For my money, there’s no denying that we Americans are as bloodthirsty a lot as you’ll find anywhere else on the globe, with the possible exceptions of Rwanda and Cambodia.
We’ve got a murder rate that far outshines any other developed nation, after all, and much of our alleged adult entertainment involves life-ending violence of one creative sort or another. (Hasta la vista, baby! and so on)
Apparently there remains in our chromosomes some atavistic gene that’s responsible for this blood lust, so we’re not really to blame. We just can’t help it, you know?
Look at hunters, for instance.
For the pure joy of drilling a few holes in a deer or elk, they’ll gladly spend thousands of dollars on guns, licenses, ATVs, lodging, Dinty Moore beef stew and the spiritual libations essential to any successful hunt. Add the cost of butchering and packaging, and this figures out to more bucks per pound than the choicest steak or lobster, for gamey-tasting flesh you would probably send back at a restaurant.
So obviously it isn’t the economic or culinary reasons that makes blasting some beast so appealing.
And those who defend hunting as a sport are really talking through their Day-Glo orange hats. I hunted when I was younger, and I can testify it takes very little skill or courage to draw a bead on some unsuspecting prey through a telescopic sight and drop it.
In my mind, real sport involves a contest between equals, and try as I might, I can’t imagine an unarmed herd animal standing much of a chance against someone with 20-20 eyesight and a 30-30 rifle. (Although I did see a hilarious video on “When Animals Attack” in which a deer assaults a hunter while his wife films on.)
But at least the animal stands a chance of getting away from a regular hunter, the sort that actually goes into the wild. What brought all this to mind was a TV expose I saw about the evils of hunting on private, fenced preserves, where a variety of exotic animals can be stalked and dispatched by anyone willing to pay a hefty tab.
Undercover “Dateline” cameras captured several pathetic scenes in these places, a particularly memorable one being a semi-tame Corsican ram with arrows sticking out of it cowering against a fence before it was finished off with a bullet to the head by a “guide.” (Many of these places encompass only a few hundred acres, so the idea that anyone would need a guide to get around is pretty far-fetched.)
I say, sure, slaying these penned and docile creatures is a lot like shooting fish in the proverbial barrel, but so what?
It must still be satisfying the same deep-seated craving that hunters of grizzly bears experience when they finally get a crack at some rearing, teeth-bared ursine monster deep in the Canadian woods.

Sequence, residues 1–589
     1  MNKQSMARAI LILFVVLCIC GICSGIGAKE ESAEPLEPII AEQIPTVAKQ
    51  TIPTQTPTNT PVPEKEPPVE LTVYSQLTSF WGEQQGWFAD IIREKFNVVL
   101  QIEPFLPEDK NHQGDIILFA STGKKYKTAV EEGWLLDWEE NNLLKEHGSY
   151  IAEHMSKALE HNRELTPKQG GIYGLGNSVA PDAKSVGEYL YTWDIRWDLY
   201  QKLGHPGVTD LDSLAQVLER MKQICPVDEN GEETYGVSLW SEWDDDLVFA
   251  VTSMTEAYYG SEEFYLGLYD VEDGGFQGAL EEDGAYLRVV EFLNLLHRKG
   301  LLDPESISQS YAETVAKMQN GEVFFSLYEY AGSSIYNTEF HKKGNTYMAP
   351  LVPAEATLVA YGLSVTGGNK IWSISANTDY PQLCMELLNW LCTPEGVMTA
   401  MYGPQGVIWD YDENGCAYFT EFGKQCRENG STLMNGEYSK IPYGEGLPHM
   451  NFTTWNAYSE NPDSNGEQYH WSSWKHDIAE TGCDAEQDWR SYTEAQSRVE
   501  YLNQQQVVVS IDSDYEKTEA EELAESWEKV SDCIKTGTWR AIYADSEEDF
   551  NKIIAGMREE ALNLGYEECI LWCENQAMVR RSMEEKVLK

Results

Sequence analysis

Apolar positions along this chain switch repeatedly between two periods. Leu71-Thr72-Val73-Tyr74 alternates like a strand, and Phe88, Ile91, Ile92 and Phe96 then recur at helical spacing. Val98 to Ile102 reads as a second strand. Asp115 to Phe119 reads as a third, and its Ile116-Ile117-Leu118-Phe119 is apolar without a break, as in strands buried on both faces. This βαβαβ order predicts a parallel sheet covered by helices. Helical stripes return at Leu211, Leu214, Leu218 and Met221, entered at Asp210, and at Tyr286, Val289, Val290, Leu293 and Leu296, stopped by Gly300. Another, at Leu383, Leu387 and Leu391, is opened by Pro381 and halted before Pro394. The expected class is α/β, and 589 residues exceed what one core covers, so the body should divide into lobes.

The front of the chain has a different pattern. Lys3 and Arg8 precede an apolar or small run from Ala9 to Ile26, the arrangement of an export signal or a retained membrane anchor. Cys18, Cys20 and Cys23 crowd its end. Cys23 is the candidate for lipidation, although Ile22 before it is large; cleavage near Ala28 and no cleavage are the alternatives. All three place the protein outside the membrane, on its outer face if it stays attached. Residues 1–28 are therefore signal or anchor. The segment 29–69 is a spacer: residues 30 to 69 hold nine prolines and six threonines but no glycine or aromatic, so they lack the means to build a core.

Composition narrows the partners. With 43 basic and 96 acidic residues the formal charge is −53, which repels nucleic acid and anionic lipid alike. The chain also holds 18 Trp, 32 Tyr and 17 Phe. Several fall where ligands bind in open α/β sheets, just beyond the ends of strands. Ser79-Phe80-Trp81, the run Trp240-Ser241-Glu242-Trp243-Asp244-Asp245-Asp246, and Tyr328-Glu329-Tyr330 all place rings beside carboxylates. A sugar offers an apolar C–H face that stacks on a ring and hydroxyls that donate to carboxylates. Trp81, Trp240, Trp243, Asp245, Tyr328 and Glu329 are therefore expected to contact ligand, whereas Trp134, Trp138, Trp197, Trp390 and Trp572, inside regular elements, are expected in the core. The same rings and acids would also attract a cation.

So the show gave me an idea that might open the door to fulfilling this primitive urge in many more of us and, just possibly, reducing the level of violence amongst us higher sentient beings at the same time.
While it’s true that most human carnivores no longer have much taste for wild flesh, they consume great quantities of bland domesticated meat. That’s myriad tons of beef, pork, chicken, turkey, mutton, lamb, veal and so on obtained from creatures that are mostly slaughtered by machines with little human involvement.
Meanwhile, many folks obsessed with killing something are spending good money that could be used for their kids’ college education just for the chance of coming across some unfortunate creature in the woods.
Are you beginning to get my drift here?
What a tremendous waste of animal lives when each and every one of them could be providing someone with a thrill that many claim can’t be obtained any other way.
So here’s the plan: Open public shooting ranges offering a panorama of prey ranging from raging bulls to pecking pullets next to every stockyard, hog factory and chicken farm in America.
For a few modest dollars, anyone with an itch to kill a warm-blooded object could scratch it, and the businesses would earn a nice supplemental income while having to hire fewer people to process their products.
Admittedly, bringing down a long-horned steer or a Devonshire sow probably isn’t going to impress one’s friends or provide a suitable trophy for the den wall, but that good feeling will still be there.
At the same time, these sports facilities might sharply reduce human-on-human assaults, in a way similar to the theory that free access to pornography deters sex crimes by providing an alternate release for the urge.
Maybe if more of us inflict violence on so-called lower life forms, see, we’ll have less desire to harm one another.